on October 04, 2016
Years ago, biologist and trapper Carter Niemeyer's job was to kill problem wolves in the northern Rocky Mountains. Since then, he's become a supporter of wolves, a consultant when wolf and livestock issues arise, as well as an interpreter to a curious public of what goes on behind the scenes in the controversial world of wolf management.
Wolf Land" (Bottlefly Press, 183 pages, $15.57), Niemeyer shares recollections from his thirty-some years of wolf work, including his capture of wolf B-300, mother of the famous OR-7, also known as Journey. While Niemeyer clearly views wolves as animals capable of causing a bevy of problems, he doesn't hide his respect and awe for his four-legged subjects. "And in that first light of day when I know where the wolves are, I feel excited like I'm still a little kid." But a wolf biologist's work isn't always pleasant, and Niemeyer's insightful book reveals that the lives of wild wolves, as well as those responsible for them, invariably hardens as the day wears on.
"Wolf Land" (a follow-up to "Wolfer," Bottlefly Press, 2010), first takes us behind the scenes of the capture of the Canadian wolves that were relocated to Yellowstone National Park and central Idaho in 1995 and 1996. Niemeyer, at the time a federal trapper, was enlisted to help procure the wolves. In order to get the animals, he had to "find the guys who could find us wolves." These were the Canadian fur trappers who had agreed to live-trap and turn over wolves (for $2,000 each) to the Rocky Mountain reintroduction program.
In a book filled with stories, one of the most memorable in "Wolf Land" is Niemeyer's telling of an excursion in December 1994 in the wilderness near Hinton, Alberta. A call from a local trapper sends Niemeyer and his team traveling over 60 miles of snow-packed roads until they finally reach the scene long after dark. Flashlights show that three of the trapped wolves are already dead, "their eyes fixed on nothing, like tiny, still mirrors." But ahead a fourth gray wolf is "chomping small trees, and spitting out mouthfuls of bark" as she struggles to escape the snare around her neck. This female, along with another black one, is tranquilized and taken in to be radio collared.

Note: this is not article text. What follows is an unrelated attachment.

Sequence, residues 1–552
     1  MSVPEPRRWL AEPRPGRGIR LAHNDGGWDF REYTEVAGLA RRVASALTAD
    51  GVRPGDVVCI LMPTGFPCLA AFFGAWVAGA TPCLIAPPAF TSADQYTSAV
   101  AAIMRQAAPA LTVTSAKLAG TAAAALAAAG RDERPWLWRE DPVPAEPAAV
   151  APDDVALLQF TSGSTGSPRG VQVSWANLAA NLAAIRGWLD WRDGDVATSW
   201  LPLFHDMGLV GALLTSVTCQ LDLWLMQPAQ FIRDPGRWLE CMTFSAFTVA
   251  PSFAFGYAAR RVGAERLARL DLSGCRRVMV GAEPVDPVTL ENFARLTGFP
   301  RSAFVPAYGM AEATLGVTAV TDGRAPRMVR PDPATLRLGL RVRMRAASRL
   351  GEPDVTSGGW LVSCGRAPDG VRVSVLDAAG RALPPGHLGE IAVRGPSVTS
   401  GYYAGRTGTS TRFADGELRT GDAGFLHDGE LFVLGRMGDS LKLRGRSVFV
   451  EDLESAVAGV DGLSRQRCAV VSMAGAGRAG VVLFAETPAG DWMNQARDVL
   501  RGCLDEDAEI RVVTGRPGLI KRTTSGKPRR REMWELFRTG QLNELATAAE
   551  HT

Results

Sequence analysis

Niemeyer's technique for transferring sedated wolves involves laying them in the cab of his truck, right next to him, so he can monitor their breathing and keep them warm. If the wolf begins to stir, Niemeyer quickly injects a boost of the sedative Ketamine, and the animal returns to a peaceful slumber.
Wherever Niemeyer takes us – Canada, Idaho, Montana, Wyoming or Oregon – and whether he's in his pickup, a helicopter over Yellowstone or warding off mice in a remote cabin in the Frank Church Wilderness, his tales are rich with wolf lore that is detailed, educational and free of bias. His style is amusing and straightforward, speaking to his Iowa roots. This is a book to be enjoyed by a wide audience, and despite the inevitable bad ending to several of the stories, it's hopeful too.
Although Niemeyer admits that some (as in the U.S. Department of Agriculture's Wildlife Services) still believe in the old adage: "The only good wolf is a dead wolf," "Wolf Land" is optimistic in its efforts to shed fresh light on old fears and falsehoods and ensure a more equitable future for Canis lupus.
--Beckie Elgin, for The Oregonian/OregonLive
Nature Night: Oregon, Decidedly Wolf Land
When: 7 p.m. Tuesday, Oct. 11
Where: Montgomery Park, 2701 N.W. Vaughn St.
Tickets: $5 suggested donation